The Oyamas walked to a nearby park, where their friends were waiting for them. When Tony saw Haverdy, he laughed, and said, “Look who’s here! Fortune and his little brother!”
“Ha ha,” Haverdy said, narrowing her eyes at him. “You know, you really should consider a career in stand-up comedy. You’re just so funny.”
“I know, right?” Tony said.
“Ignore him, Haverdy,” Esrieve said. “What are we doing today?”
“Movie!!” Ringo declared. “The AMC has the best air conditioning.”
“But we’ve already seen everything that’s out,” Fortune said.
Haverdy shrugged her shoulders. “Then I guess we’ll have to see something twice,” she said. “Only trouble is, that place doesn’t open until eleven.”
“So we have to kill two hours?” Esrieve whined. “That sucks!” She bounced over to Fortune and hugged his arm. “What are we gonna do for two hours?”
Fortune didn’t respond. He was staring at a small, elderly gentleman, dressed in a suit, standing across the street. Suddenly a bus drove by, and after it had passed, the elderly man was gone.
“I think I just saw Adam,” Fortune whispered.
Narumi stepped forward, and stood beside him. “I saw him, too,” she said.
“That old guy really freaks me out,” Ringo said.
“That had to be him,” Fortune said. “If he’s here, then that means----”
“It’s time for your second journey,” Haverdy said, looking at her brother through worried eyes.
Tony sighed. “So much for seeing the Fourth of July fireworks,” he said.
Fortune and Haverdy didn’t get home until later that evening. They came in through the front door, and casually called “hello” to their parents. They were about to head upstairs, when Mr. Oyama called to them from the living room.
“Kids?” he said. “Can you come in the living room, please? There’s-----there’s something we need to talk to you about.”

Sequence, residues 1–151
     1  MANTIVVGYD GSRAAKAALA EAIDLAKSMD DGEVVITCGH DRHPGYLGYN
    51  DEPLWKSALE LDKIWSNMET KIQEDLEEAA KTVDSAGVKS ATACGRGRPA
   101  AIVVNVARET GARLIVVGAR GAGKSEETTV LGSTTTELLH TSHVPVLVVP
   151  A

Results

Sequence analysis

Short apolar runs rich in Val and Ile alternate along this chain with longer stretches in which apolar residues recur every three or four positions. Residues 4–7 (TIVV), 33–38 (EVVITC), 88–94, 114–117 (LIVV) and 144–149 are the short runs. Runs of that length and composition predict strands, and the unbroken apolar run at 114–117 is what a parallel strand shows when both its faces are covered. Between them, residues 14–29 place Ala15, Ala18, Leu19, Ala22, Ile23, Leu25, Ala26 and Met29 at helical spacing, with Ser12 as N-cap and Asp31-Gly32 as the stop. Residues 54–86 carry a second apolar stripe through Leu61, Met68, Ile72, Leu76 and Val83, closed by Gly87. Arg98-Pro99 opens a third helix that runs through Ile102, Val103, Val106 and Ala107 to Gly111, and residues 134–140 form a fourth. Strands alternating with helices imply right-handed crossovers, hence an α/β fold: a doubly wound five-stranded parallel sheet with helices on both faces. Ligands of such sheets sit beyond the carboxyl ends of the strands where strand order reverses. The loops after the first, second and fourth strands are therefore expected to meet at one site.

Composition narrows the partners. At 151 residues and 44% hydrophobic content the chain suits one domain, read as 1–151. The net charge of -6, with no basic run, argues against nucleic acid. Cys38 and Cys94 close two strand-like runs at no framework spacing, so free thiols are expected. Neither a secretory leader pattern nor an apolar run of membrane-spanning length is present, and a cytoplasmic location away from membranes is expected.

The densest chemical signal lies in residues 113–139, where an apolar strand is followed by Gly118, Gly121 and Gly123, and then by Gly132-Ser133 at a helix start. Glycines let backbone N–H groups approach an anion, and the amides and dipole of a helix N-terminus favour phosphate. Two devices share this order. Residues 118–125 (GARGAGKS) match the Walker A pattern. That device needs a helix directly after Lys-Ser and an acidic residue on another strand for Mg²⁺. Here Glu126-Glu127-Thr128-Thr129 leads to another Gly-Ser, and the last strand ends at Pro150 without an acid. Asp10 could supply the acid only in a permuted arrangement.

Fortune and Haverdy exchanged worried glances as they entered the living room. Their parents were sitting side by side on the couch, with stern looks on their faces. Haverdy looked down at the coffee table and gasped softly. She nudged her brother with her elbow. Fortune looked down, and noticed his and Haverdy’s swords, lying side by side.
“I found those in your rooms earlier today,” Mrs. Oyama said. She folded her arms. “I was about to do the laundry, and I was looking for dirty clothes. Those things were under your beds.”
“Where did they come from?” Mr. Oyama asked. “And why do you have them? Why do you have swords?”
Fortune gulped, and Haverdy looked away. He felt her hand slip into his, and squeeze it. Haverdy turned to Fortune; her green eyes wide with fear. He wondered how he could possibly explain the swords. How could he make his parents understand?
“Fortune Gregory Oyama?” Mr. Oyama said. “I want an answer.” He leaned forward a little. “Say something!”
Mrs. Oyama leaned forward, too. “Haverdy? Well?”
“Perhaps I can be of some assistance,” a voice said.
Both Fortune and Haverdy stepped aside, and a small figure entered the room. He was dressed in a dark brown suit, and his silver hair was neatly combed back. Fortune smiled thankfully. “Adam,” he said. Mr. and Mrs. Oyama sat back and stared at Adam. Mr. Oyama cocked his head to one side, and said, “Dad? Is that you?”
Adam slowly nodded his head, and uttered a single word: “Sleep.” Both Mr. and Mrs. Oyama closed their eyes, and their heads slumped forward. Adam turned to Fortune and Haverdy. “You needn’t worry about them,” he said. “They’re asleep. When they wake up, they won’t remember any of this.”
“Are you sure?” Haverdy asked.
“That was you I saw earlier, in the park, wasn’t it?” Fortune said.
“Yes, it was me,” Adam said. “I’m here, because it’s time for you to begin your Second Flight.”
“What?” Fortune said.
Adam smiled at him. “Your second journey,” he clarified. “The one which will determine the fate of the world. I trust your friends will accompany you?”
“Of course!” Haverdy declared. “When are we leaving?”
“Right now,” Adam replied. “Pack your belongings and grab your swords. We’ll go pick up your friends, and be on our way.”
Fortune nodded, then looked over at his parents. He wished he could tell them where he was going; what he was doing.
“I know what you’re thinking, Fortune,” Haverdy said. “But they wouldn’t get it. They barely understand me , so they definitely won’t understand the fact that you’re going to save the world.”
Fortune smiled at his sister. “You’re right,” he said. “Let’s go.”